Currently, the relationship between MMD and catatonia or depression is not well understood. While depression or catatonia are typically considered psychiatric disorders, they can also present as complications of medical conditions. At present, even though the basis of catatonia is not completely understood, one theory posits catatonia to be a movement disorder, similar to Parkinson syndrome, as they share similar clinical presentation [12]. A review of the literature shows strong evidence of a relationship between MMD and depression or catatonia. Ghignone et al. reported an MMD patient who developed catatonia that was successfully treated using electroconvulsive therapy (ECT) [13]. Another study reported that 19 of 26 (73%) patients developed depression as a corollary of hemorrhagic MMD [14]. Another report of 30 patients with MMD showed that 37% of patients presented with significant emotional distress (depression and/or anxiety) and 23% with significant cognitive impairment (measured by test scores) [15].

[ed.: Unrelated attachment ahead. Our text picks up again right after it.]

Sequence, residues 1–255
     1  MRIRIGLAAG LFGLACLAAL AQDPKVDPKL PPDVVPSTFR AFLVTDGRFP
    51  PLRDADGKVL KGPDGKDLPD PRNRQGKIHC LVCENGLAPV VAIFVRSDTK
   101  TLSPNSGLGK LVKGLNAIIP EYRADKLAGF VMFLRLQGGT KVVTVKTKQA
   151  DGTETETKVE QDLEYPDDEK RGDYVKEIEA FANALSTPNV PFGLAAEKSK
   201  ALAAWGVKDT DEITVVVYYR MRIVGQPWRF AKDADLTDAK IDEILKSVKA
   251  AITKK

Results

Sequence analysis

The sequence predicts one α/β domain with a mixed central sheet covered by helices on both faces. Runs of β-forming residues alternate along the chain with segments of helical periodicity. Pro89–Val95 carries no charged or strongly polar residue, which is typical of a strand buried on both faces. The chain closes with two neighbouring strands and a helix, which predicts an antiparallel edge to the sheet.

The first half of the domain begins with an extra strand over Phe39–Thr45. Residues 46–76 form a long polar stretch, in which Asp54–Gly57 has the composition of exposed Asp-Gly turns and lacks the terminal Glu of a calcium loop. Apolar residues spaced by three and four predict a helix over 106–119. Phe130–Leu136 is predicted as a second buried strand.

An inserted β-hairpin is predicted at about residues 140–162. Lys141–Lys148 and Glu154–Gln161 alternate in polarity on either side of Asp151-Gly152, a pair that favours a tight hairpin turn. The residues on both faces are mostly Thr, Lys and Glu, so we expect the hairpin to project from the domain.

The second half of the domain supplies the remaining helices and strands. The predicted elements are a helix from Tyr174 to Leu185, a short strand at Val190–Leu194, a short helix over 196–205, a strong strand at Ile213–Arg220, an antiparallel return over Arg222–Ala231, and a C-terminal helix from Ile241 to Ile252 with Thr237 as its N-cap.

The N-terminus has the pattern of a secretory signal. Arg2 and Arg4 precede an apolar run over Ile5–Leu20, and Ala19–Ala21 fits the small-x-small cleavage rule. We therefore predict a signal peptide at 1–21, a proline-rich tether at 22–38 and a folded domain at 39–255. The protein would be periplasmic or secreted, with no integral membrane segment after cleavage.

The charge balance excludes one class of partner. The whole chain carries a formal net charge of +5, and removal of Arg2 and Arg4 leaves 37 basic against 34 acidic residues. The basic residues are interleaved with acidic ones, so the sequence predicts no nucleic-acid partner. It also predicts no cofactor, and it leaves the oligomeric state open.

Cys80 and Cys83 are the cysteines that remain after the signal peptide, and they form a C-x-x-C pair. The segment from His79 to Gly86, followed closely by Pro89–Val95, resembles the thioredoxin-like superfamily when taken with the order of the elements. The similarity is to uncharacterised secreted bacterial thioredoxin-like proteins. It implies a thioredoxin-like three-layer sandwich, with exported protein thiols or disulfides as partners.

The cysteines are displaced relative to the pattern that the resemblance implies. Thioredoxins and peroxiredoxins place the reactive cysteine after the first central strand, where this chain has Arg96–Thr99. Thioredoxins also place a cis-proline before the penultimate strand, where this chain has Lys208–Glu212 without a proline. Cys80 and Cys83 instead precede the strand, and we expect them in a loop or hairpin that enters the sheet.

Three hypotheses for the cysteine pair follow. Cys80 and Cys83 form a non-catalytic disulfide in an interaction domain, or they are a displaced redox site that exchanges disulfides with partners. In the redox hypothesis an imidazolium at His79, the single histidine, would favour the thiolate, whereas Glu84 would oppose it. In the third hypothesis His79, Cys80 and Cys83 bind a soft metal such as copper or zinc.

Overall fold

A review of the previous literature provides further support for a vascular-cognitive model leading to depression, where depression is characterized as unbalanced inter-hemispheres, specifically, a hypoactive left hemisphere (LH) and a hyperactive right hemisphere (RH) [16]. Studies show that the RH is involved in selectively processing negative emotions and pessimistic thoughts [16]. Conversely, the LH is involved with the processing of pleasurable activities, and when hypoactive, leads to symptoms of anhedonia, which is a key feature of depression [16]. In the patient in the our case report, MMD was suspected to potentiate the risk and vulnerability for depression. Her mood may have made her avoid further treatment, which lead to a second hemorrhagic stroke and catatonia. This case highlights the complexity of the evolving neurosurgical and psychiatric complications of MMD.